I have had different coaches over the last 4 years and I have been with my current coach for the last 2 years. What have we done differently? Honestly, I am not exactly sure if we have done much differently we have just attacked training with a different mindset. We have changed my swim sets to work on my weaknesses but distances are still around the same. We have focused on the bike a lot to allow me to run better off the bike. We are still doing good volume, like in the past, but we are also working on A LOT of quality, and it is painful, but rewarding quality.

There is no magic to training. Waking up at 5 AM to swim then cycling/running after work when you are tired day after day then again on the weekends is no secret. But it works. It might take 2 years, 4 years, 5 years to get to your potential but it is worth it. I don’t think I have hit my top end yet and I know I can still improve. It is now time to keep up the hard work and consistency to ensure that I keep getting faster. I am looking forward to the 2016, not only for racing, but also because I am getting married in June! I will have a lot going on this year and my life is changing but I will go after it like I have been the last 5 years; with passion and dedication!

70.3 Racine Report

I wanted to try to get this report out while things were still fresh in my mind. But I didn’t want to write it so fast that I had some jaded thoughts about the race. I needed time to think about the race, my effort, and what I wish happened before I really wrote it. Before I get into the report I will give a bit of background on Racine. I decided on Racine over Steelhead because Racine is driving distance from my apartment so not hotel needed, and also because I wanted to do USAT AG Nationals which is the day before Steelhead. Some people do both back to back and if they were closer I would be very tempted. The roads on the Racine bike course are, to be nice, crappy. But the big issue with those roads are there are stretches that have expansion cracks every 10-15 meters. So you just have to deal with it and it is very easy to let it mentally break you down, which it did to me at the start.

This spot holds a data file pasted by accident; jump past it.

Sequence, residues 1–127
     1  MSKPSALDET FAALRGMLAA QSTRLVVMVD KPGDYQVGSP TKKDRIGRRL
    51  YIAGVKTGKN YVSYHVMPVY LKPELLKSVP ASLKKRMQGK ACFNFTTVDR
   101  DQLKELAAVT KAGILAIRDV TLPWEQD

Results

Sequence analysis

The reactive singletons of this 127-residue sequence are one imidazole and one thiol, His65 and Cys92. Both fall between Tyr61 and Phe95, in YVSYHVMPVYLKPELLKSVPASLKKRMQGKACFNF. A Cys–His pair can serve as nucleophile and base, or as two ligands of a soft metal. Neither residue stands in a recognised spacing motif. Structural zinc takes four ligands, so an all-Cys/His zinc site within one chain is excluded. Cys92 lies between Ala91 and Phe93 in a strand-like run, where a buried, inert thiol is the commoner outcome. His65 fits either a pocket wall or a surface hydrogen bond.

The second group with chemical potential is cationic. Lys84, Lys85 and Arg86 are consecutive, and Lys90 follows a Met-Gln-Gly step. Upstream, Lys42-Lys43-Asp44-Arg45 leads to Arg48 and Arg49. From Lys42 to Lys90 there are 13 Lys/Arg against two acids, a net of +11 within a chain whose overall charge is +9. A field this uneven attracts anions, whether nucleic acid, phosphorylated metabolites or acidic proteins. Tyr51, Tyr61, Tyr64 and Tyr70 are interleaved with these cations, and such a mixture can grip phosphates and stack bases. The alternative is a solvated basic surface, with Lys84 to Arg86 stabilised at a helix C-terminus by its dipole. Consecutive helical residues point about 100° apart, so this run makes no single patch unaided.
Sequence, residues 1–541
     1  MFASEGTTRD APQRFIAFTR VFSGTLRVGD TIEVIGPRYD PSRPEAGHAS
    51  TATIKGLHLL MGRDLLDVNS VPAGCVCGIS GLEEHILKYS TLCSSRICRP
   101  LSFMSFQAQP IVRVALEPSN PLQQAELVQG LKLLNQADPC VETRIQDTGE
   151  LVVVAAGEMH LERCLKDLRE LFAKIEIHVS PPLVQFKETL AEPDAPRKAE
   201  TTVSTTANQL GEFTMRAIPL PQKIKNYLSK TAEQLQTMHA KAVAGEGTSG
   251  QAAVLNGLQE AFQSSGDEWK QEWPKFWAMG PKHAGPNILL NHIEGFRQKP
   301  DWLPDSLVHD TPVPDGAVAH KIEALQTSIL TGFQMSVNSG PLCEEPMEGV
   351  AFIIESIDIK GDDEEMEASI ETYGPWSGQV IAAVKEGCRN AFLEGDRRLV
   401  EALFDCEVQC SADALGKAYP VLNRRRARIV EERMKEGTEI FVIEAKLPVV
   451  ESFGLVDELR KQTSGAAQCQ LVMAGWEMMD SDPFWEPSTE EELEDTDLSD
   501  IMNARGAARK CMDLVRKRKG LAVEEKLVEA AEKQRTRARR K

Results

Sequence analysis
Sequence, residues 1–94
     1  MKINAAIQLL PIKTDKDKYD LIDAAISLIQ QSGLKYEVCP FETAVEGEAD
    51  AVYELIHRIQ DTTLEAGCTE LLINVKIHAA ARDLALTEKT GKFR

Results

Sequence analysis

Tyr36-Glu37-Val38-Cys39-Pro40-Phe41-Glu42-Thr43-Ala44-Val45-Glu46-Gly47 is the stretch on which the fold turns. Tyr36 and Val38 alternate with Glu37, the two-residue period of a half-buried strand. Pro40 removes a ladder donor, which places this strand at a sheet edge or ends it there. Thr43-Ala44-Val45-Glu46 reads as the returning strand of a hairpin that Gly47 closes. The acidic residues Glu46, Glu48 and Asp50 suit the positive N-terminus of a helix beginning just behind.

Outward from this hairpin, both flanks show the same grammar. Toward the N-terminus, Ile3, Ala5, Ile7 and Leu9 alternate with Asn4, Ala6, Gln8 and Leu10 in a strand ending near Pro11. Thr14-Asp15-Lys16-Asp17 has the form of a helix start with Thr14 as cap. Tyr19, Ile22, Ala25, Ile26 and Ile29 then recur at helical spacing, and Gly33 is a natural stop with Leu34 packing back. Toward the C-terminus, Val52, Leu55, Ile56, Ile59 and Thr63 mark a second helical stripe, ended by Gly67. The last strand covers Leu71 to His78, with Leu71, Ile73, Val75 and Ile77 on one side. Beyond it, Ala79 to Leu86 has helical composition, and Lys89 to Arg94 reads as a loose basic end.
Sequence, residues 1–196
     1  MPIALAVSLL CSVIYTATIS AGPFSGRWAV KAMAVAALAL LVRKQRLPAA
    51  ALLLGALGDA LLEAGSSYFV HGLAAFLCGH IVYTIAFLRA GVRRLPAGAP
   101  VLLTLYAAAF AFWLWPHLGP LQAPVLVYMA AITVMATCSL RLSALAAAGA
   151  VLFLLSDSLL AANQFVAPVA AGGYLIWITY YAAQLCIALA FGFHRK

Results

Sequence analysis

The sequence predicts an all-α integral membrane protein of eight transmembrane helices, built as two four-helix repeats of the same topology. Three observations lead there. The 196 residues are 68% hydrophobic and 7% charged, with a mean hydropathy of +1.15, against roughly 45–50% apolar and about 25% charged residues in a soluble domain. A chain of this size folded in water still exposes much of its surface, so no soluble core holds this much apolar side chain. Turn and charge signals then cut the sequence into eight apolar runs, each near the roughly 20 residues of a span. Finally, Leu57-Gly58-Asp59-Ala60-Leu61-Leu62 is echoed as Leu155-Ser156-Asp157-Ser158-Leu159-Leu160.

I went into this race knowing I had very good fitness. My coach and I have been working on my bike A LOT, and it has been painful, but I really wanted to show my new bike fitness and not lose as much time to the other top age groupers. For some reason I am not overly confident going into some bigger races. I KNOW that I have the ability to execute a top 10 race and I KNOW I should be in the top 5 of my AG but I also don’t think I act like it. Maybe it’s because racing is still a “new” and I am improving every race, maybe it’s I am just not as confident in my racing, and maybe it’s because I KNOW that I am going to give up 5 minutes, at least, on the bike to the other top amateurs. Running people down is fun and I LOVE it but I need to improve my bike so I can ride within a few minutes of their time so that I can run fast but just gain more time and not worry about chasing everyone down.

Swim exit

Swim exit

Swim: 26:19 (1:16 min/100) 4th AG: My new AG is pretty big so our wave was split into two waves and I was in the second wave and we were the 3rd to last wave to go off so I had a LONG wait from setting up transition to when my wave went off. Thankfully my parents came to the race to keep me company, and get me water since I forgot I would need more than one bottle during the 3 hour wait time! The water was like 60 degrees so pretty chilly but it felt really good compared to the air temperature which was close to 80 and sunny at the start. I have been doing a good job at pushing the swim this season and results have paid off. I have seen results in the pool but riding in open water is a very different beast! Thankfully Lake Michigan was very calm, unlike Saturday when it was very choppy and had a good current going the opposite direction. I got a good start off of the line and I was off. There was one other person who left everyone after about 100 yards, he ended up swimming a 23, so I had no chance of swimming with him. I didn’t find anyone else to swim with which kind of sucked but I had an eventful time passing people from other waves. I got out of the water and heard my dad yell “26 minutes”. I looked at my watch because he had to be lying, but he wasn’t. This is my fastest swim by like 2 minutes so I was very happy with how the day started! I got to the wetsuit strippers to get my wetsuit off. I already had my sleeved Louis Garneau pulled up. I LOVE this suit because, not only is it more aerodynamic than a non sleeved suit, but it also protects my shoulders and upper arms from the sun!